Rutland County Humane Society Director on Vermont achieving 'no-kill' status
Vermont animal shelters have achieved a “no-kill” status for the first time, joining New Hampshire and Delaware as the only states to do so.
That’s according to Best Friends Animal Society, a national animal welfare non-profit
According to their annual report, Vermont’s shelters saved over 4,600 animals last year — that’s over 90% of pets that entered state shelters and is also the threshold to become a “no-kill” state.
Mitch Wertlieb spoke with Beth Saradarian, the Director of the Rutland County Humane Society, about their efforts. Their conversation below has been edited and condensed for clarity.
Mitch Wertlieb: First, before we get to the no-kill status, I want to ask about the Rutland County Humane Society dealing with any possible fallout from this historic flooding that we’ve all been experiencing lately.
Beth Saradarian: Yeah, we were pretty lucky in Rutland County compared to other parts of the state. We did work with the American Red Cross — it had set up a shelter in Rutland — and the Rutland Area Disaster Animal Response Team with some supplies and some crates and such. So, luckily, we haven't had a big impact, but we know that other shelters in other parts of the state have.
Yeah, and I'm wondering if there's anything that listeners could do to assist Vermont animal shelters as they're recovering from this flooding.
You know, you can donate to the local area animal disaster recovery teams. There's a statewide one, and then we have one in Rutland County, and there are other ones — Central Vermont. So you could always make a donation to them or to local shelters, or they usually work in conjunction with the Red Cross. And so helping those organizations that are setting up shelters and temporary housing and such for people and animals who have been displaced would be helpful.
That's good to know. So let's get back to this no-kill status. Beth, I wonder if you can explain for our listeners what it means to be a no-kill shelter. Because if I have this right, it can be a little deceiving. This does not mean that there is an absolute policy that guarantees that none of the animals in a shelter will be euthanized. Is that right?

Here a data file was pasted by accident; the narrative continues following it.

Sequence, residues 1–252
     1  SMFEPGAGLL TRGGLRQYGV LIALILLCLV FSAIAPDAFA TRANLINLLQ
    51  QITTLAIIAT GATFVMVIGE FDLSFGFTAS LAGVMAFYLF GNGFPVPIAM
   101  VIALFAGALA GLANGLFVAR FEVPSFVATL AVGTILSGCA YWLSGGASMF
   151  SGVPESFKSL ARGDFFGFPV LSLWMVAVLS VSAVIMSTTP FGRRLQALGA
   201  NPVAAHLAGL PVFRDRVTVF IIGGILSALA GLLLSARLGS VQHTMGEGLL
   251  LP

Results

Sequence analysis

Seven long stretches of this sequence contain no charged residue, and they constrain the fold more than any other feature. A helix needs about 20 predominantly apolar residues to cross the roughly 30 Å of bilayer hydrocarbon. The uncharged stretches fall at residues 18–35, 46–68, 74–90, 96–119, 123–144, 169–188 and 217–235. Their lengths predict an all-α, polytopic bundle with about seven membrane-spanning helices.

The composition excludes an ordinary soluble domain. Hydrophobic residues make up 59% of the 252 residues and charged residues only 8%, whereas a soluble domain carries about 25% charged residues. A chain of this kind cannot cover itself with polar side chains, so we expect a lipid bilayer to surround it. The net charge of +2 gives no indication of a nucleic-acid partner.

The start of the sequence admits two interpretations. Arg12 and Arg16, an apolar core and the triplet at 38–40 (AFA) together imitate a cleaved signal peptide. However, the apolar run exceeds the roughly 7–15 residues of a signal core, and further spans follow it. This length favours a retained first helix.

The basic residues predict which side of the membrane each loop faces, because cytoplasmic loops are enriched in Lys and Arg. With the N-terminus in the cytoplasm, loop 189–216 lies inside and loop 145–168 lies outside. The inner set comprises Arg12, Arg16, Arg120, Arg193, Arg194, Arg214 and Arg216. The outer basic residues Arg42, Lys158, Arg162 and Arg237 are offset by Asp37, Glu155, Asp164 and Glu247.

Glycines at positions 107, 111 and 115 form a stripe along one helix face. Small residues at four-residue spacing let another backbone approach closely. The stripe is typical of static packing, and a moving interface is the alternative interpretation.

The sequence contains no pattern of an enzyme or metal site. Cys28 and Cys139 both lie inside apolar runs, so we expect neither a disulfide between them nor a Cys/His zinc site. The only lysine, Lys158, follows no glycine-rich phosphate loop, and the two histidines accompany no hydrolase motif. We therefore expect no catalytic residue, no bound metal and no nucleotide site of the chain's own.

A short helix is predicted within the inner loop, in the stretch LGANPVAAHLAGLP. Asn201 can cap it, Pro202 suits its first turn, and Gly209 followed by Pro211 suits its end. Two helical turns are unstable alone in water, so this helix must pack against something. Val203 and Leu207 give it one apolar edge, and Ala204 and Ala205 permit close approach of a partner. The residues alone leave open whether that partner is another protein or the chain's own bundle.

That is right. Yeah. So you know, the term no-kill, it can be a little bit misleading unless there's some context around it. So Best Friends is using the 90% what they call ‘live release rate’ as an indicator of a no-kill state and shelter, if you will. But you know, we all know that some animals are behaviorally not safe to place or have severe medical issues that just we can't overcome. And so there is definitely euthanasia that goes on with shelter animals unfortunately, after we've done everything that we can, so no-kill is not what it seems kind of on the surface.
But to be clear, though, this is good news for the Rutland County Humane Society and for the state of Vermont to have this no-kill status, I would imagine it means that success is happening in placing animals, right?
Yeah, I mean, our live release rate has increased over the years. And so we're obviously thrilled about that, as you know, we certainly strive to even increase and improve that if we can, but we are happy with the progress that we've made.
Well, at the risk of asking a dumb question here, can you explain why it's important for organizations like yours to strive to maintain a no-kill status?
Well, of course, we want to have as many animals leave the shelter to get adopted, or transferred, or returned to owner. But of course, we want to do the best we can for all the animals that come in our shelter. And so you know, we'd certainly strive, you know, to go above 90%. But we also do realistically know that, in some cases, euthanasia is the best thing for the animal.
And what kind of work went into achieving this status and this distinction for Rutland Humane Society being a no-kill shelter?
So we actually worked with Best Friends a lot. And they have a lot of resources at their disposal that we were able to tap into if you will, so they have a shelter veterinarian, who's available to answer any questions that we have. And shelter medicine is different than owned animal medicine. So it's nice to have a shelter vet at our, you know, just at the other end of the phone. They've helped us with dog training with, you know, foster programs. There's a mentor program for our shelter, veterinary technician, there's animal enrichment. So, there's a lot of resources that we were able to take advantage of, to, you know, improve some of the things that we were doing here to increase that live release rate and, decrease the animal's length of stay here at the shelter.
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